Would you "stick" or "switch"?

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Would you "stick" or "switch"?

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First you take the game host out of the equation. Then you imaging you have 10 doors.

You then have the choice of opening 1 door or 9 doors.

Set up like this it`s quite obvious that you have the best chances of winning if you open 9 doors instead of 1.

The thing that confuses people, I think, is that it`s someone else opening the doors for you.

Let`s name the possible outcomes "Win", "Fail 1" and "Fail 2"

If you had chosen door with "Fail 1", Host will open "Fail 2" door. You switch and you get "Win".

If you had chosen door with "Fail 2", Host will open "Fail 1" door. You switch and you get "Win".

If you had chosen door with "Win", Host will open "Fail 1" or "Fail 2" door. You switch and you get another "Fail".

You win 2 out of 3 times if you switch.

Monty then has 999 doors left to open for you, and he has to open doors that do not contain the prize. So he opens the 998 wrong doors for you, leaving the one that contains the prize, and your door. The fact that he opened those other doors doesn`t change the fact that you had a 0.1% chance of picking the right door in the beginning - the conditions haven`t changed.

So, if there are 1000 doors, sticking will win you the prize 0.1% of the time, while switching will win you the prize 99.9% of the time.

Boiling it down to 3 doors is the simplest form of the puzzle where it still works, but the odds are 33% vs 67% rather than 0.1% vs 99.9%. Either way, you should always switch.

Clear as mud?

To me, it SEEMS like if you are a switcher, meaning you will switch doors, you want your first pick to be an empty door. That will guarantee you a win. You have 2/3 chance of picking an empty door on your first pick. Therefore, a better chance than picking a prize the first time.

So where`s the paradox?

No, the beach ball explodes from the pressure releasing all the air. Do you really believe what you wrote?

I was pointing out that both the beach ball and this Monty issue are easily explained phenomenon and not paradoxes. So, thanks for playing.

If it is pointed out that to win by switching you have to pick incorrectly initially, whereas to win by sticking you have to pick correctly initially it becomes obvious that the switcher will win 2/3 but the sticker will only win 1/3.

A Pair of Docs

A Pair of Ducks

So, the paradox here, quite obviously (and even stated no less than three times in the video), is that even though it *seems* like sticking with your original choice is no more or less mathematically/statistically beneficial, in fact, switching gives you a 33% increased chance of being correct. That, right there, is a paradox.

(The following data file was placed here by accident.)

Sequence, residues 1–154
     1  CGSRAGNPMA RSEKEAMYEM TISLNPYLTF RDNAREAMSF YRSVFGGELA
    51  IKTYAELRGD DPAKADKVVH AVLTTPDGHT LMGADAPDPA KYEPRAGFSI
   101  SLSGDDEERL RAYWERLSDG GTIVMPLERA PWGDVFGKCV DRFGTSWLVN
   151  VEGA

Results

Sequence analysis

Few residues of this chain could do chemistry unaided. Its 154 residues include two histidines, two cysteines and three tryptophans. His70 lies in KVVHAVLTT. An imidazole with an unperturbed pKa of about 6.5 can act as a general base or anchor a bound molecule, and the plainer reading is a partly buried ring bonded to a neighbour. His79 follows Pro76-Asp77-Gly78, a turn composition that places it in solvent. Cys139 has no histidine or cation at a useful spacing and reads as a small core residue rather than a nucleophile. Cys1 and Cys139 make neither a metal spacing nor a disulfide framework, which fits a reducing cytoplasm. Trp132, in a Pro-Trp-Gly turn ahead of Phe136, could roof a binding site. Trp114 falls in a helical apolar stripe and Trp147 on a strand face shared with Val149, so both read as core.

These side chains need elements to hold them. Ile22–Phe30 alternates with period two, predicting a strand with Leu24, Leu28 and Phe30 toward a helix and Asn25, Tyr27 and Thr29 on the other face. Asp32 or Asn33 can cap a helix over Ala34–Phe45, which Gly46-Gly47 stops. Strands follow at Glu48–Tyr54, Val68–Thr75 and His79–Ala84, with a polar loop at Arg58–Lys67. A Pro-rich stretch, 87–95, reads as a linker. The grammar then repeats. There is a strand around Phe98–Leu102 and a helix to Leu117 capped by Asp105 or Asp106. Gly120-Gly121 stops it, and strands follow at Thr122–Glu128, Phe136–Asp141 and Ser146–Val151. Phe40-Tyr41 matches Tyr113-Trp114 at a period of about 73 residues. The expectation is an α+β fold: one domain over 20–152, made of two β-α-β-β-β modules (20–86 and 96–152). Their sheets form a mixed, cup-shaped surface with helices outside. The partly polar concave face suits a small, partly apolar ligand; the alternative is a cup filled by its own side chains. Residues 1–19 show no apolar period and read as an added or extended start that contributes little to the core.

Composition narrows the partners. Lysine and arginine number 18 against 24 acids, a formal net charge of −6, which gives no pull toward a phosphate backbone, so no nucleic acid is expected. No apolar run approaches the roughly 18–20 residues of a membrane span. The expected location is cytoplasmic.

So, even though looking at two unopened doors *seems* like a 50/50 proposition, it is, given the set-up, actually a 33.33/66.66 proposition, in favor of switching. It`s *seemingly* contradictory to think that switching helps you, but, in fact, it`s true that switching helps. Paradox.

I don`t think you know what a paradox is. The beach ball loses bouyancy because of the pressure/weight of the water pushing down on it.

Now explain why it is, not matter which check-out line you get in at WalMart, it is the slowest moving one.

THAT`s a mind-bender!

Numb3Rs Youtube link

Now that all goes to heck if the winning door is randomized a second time, but as long as it`s only done once, at the beginning of the game, you`re always better off switching.

"Picked a door, now do you switch?"

Before I hear their answer, I will say YES, switch.

When you originally picked Door #1 it had a 1 in 3 chance of winning. You iliminate Door #2 so Door #3 has a 2/3rds chance of winning. By switching you have increased your odds of winning. I think there is an actual mathmatical formula out there that proves this.

Now I`ll watch the rest to see if I`m right.

:-) I would have made a killing!

I am a wealth of useless knowledge.

But I guess the practical test can prove it better than the math can explain it.

Say you have 300 doors, same scenario. Pick 1, and then Monty eliminates 298 doors... would you stay or switch doors?

Mythbusters is running out of ideas. There are many proofs for this problem, some more mathematically rigorous than others, but there IS a 2/3 chance of winning if you switch.

Do they seriously get paid for this? I watch Mythbusters to watch them test myths I can`t test myself. I had a skeptical friend we performed this--about two out of the three times he switched, he won.

there is a scene in there about this thing...so i already knew the answer

- Would you `stick` or `switch`?